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Monday, July 06, 2015

Farmers eager for drones, but most can’t legally fly them

CORDOVA, Md. (AP) — Mike Geske wants a drone.

Watching a flying demonstration on Maryland’s Eastern Shore, the Missouri farmer envisions using an unmanned aerial vehicle to monitor the irrigation pipes on his farm — a job he now pays three men to do.

“The savings on labor and fuel would just be phenomenal,” Geske says, watching as a small white drone hovers over a nearby corn field and transmits detailed pictures of the growing stalks to an iPad.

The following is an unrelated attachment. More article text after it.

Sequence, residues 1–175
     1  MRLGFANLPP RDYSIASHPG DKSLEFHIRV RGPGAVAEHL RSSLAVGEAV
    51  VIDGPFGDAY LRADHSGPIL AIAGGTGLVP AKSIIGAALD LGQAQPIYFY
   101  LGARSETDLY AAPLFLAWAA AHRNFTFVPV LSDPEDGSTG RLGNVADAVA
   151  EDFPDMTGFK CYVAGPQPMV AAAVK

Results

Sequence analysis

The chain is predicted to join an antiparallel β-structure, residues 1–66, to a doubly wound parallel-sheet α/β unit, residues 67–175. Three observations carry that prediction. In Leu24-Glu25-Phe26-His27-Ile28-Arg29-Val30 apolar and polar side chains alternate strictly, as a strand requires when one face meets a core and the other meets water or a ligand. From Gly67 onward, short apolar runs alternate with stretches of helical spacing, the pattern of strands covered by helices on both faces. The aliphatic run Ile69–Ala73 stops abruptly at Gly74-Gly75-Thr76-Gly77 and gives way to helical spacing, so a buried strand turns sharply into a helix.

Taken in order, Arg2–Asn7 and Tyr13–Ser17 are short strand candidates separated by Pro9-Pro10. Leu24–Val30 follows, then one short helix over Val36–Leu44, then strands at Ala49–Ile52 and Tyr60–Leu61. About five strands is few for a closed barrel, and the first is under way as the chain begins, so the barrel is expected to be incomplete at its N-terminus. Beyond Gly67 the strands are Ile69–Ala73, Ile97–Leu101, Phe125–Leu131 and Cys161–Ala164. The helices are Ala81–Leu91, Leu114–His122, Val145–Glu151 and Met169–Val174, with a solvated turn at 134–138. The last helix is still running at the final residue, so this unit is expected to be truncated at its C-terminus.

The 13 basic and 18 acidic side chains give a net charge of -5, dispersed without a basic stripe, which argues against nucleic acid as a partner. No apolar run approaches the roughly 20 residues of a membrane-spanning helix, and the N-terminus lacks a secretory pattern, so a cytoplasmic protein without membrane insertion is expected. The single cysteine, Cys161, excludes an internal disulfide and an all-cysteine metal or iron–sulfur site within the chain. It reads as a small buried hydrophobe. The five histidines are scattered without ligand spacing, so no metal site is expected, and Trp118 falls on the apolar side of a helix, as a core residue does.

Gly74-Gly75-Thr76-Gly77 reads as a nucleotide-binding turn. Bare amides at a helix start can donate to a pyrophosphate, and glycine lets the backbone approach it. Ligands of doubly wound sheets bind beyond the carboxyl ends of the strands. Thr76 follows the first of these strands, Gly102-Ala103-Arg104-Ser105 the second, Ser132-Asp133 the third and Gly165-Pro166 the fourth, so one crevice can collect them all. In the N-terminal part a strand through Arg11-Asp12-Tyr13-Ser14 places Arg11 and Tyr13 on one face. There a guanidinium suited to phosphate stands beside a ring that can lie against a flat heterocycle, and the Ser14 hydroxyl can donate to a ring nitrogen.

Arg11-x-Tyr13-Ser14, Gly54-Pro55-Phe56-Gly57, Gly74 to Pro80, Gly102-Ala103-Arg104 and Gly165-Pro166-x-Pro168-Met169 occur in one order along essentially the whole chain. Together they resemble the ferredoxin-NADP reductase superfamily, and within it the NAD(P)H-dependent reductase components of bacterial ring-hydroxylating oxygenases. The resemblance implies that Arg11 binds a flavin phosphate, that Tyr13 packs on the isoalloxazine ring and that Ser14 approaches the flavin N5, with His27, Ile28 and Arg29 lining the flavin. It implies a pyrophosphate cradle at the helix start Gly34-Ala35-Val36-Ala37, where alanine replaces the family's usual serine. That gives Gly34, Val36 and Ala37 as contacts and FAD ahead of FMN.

Nearby, farmer Chip Bowling tries his hand at flying one of the drones. Bowling, president of the National Corn Growers Association, says he would like to buy one for his Maryland farm to help him scout out which individual fields need extra spraying.



Anonymous said...

Need a permit. Gotta make money!
It's a farm! A person's private property! They can fly a drone on it all they want! Idiots fly them in public! Here is another problem in AMERICA ! Stand your ground folks! To much government over reach!

Anonymous said...

Who says I can't fly a drone? I can buy one off the shelf and do whatever the heck I want with it. It's MY land!

Anonymous said...

Makes no sense. I bought the Parrot 2.0 with an HD camera right off the shelf, and nobody is going to stop me from using it to get an aerial view of my farm.